Logic Models

A Logic Model is a way of describing a programme that helps stakeholders (e.g., community people, organisational staff, potential participants, funders) develop common understandings of what is being done in a programme, and why it is being done. These understandings can then support programme planning, fundrising, implementation, and evaluation.

A Logic Model is based on the programme’s Theory of Change, and extends the pathway of change to include the resources that are needed to deliver a programme, the programme’s activities and outputs, and the outcomes that are anticipated. These boxes, like the ones in the diagram, below are joined by the same ‘IF… THEN’ statements that you saw in the Theory of Change section:

  • IF we have the resources (e.g., funding, people, buildings, community voluntary support), THEN we can deliver programme activities (e.g., te reo (Māori language) classes, kaumatua (elders) lunches)
  • IF we deliver programme activities, THEN we will achieve outputs (e.g., ten people attend six introductory te reo classes, three lunchtime events are held and attended by 20-30 kaumatua each time)
  • IF we achieve these outputs, THEN outcomes will follow (e.g., improved knowledge of, and enthusiasm for te reo among students; increased fellowship and decreased isolation among kaumatua)
  • IF we achieve these outcomes, THEN we will be contributing to the impact we want (e.g., language revitalisation, kaumatua wellness)


Outcomes

The outcomes you expect from your programme might be broken into immediate, short-term and long-term outcomes. Immediate outcomes are the things you expect to happen more or less straight away for those involved. Short-term outcomes might take 1-3 years to happen, while long-term outcomes might take 4-6 years.

The immediate outcomes will be the ones you can be most sure are the result of your programme. In other words, you can be reasonably confident that the immediate outcomes you record can be attributed to your programme.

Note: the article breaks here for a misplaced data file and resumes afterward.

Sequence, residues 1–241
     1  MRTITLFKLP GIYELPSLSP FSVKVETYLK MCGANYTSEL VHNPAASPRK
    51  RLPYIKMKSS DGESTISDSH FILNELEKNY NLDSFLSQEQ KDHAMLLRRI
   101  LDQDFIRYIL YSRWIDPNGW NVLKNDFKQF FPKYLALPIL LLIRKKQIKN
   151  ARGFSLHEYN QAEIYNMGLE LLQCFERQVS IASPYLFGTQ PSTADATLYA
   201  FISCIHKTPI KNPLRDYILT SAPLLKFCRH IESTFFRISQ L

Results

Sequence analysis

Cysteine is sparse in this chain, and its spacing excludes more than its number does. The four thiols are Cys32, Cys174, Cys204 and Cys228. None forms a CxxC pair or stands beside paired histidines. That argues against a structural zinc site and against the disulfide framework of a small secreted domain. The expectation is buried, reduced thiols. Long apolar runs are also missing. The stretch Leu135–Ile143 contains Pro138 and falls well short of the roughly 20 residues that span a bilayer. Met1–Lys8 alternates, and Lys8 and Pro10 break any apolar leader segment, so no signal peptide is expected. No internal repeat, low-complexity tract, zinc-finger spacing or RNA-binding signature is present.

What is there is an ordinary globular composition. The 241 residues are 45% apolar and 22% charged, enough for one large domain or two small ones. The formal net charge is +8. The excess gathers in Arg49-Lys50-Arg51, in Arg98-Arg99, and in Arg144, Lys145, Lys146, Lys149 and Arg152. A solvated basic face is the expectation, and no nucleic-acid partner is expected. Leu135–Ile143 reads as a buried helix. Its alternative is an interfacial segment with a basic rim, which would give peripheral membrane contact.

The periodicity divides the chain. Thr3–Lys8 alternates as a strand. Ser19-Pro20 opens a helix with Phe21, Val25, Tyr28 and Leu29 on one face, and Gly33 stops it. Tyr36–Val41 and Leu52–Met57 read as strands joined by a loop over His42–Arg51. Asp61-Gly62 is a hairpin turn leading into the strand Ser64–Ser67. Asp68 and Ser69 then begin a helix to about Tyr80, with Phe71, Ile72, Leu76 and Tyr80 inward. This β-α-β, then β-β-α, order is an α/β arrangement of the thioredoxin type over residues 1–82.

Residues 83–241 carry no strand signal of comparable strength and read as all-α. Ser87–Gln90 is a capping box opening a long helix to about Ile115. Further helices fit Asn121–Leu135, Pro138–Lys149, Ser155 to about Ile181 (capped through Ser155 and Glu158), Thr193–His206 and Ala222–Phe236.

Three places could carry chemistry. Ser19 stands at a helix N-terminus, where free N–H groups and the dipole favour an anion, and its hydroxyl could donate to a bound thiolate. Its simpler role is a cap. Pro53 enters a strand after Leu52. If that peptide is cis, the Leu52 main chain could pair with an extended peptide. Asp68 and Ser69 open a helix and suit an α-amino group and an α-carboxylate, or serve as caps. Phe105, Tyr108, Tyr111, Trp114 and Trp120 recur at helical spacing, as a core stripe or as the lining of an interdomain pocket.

If someone wants to know what your programme goals are, these can often be found within your immediate outcomes. For example,

  • IMMEDIATE OUTCOME: Improved tauira (student) knowledge of and enthusiasm for te reo (Māori language)
  • PROGRAMME GOAL: To improve tauira knowledge of, and enthusiasm for, te reo Māori

You can also join immediate, short- and long-term outcomes by IF…THEN statements, so that these outcomes are linked like a stairway or poutama. The immediate outcomes need to be achieved if the short-term outcomes are to be achieved and, likewise, the short-term outcomes need to be achieved if the long-term outcomes are to be achieved and if you are then to contribute to the Impact. For example:

  • IMMEDIATE OUTCOME: Improved tauira (student) knowledge of and enthusiasm for te reo (Māori language)
  • SHORT-TERM OUTCOME: Tauira grow in their ability to understand and speak te reo and begin to participate in local cultural events where te reo is spoken
  • LONG-TERM OUTCOME: Tauira develop their te reo expertise and are recognised in the community for their skill and commitment to Māori language revitalisation

While it is harder to attribute longer-term outcomes back to a programme, evaluators use a combination of data and theory (as in, a Theory of Change) to decide whether the outcomes they are seeing are (or are not) the result of a programme.

External Factors

Logic Models can also incorporate contextual or external factors that may affect the success of your programme, but which you have little or no control over. These can sit outside the picture of your Logic Model so that people remain aware of them. External factors might include:

  • Political environment – is the local and national political environment supportive of, or a barrier to, what you’re trying to achieve? How likely is it that you will gain external funding support for your programme?
  • Economic environment – is your community well-off or poor? How is this going to affect their ability and motivation to participate in your programme?
  • Geography – is transportation and the cost of petrol going to be a barrier for your organisation or the people you want to involve in your programme?
  • Cultural – have you taken into account all the resources you’ll need to operate in a culturally responsive way? Will staff have enough time to spend with people and develop good relationships?

No Need To Be Linear

Like the pathway of change, a Logic Model may look very linear but there’s really no reason why it has to be drawn this way if it does not work for people. You may want to draw something more circular, or use a picture that has meaning for the people you’re working with (e.g., a marae, or a local landscape). Your first discussion with stakeholders might be about what image will work for them, once they know the kind of linear, left-to-right image they have a choice not to use.

Any Logic Model should be reviewed regularly, especially when information becomes available about how the programme’s going. This information will help stakeholders reflect on what’s working well and what might need to be refined, including any alterations to the Logic Model.

Useful References

W.K. Kellogg Foundation (2004). Logic Model development guide. Battle Creek, Michigan: W.K. Kellogg Foundation.
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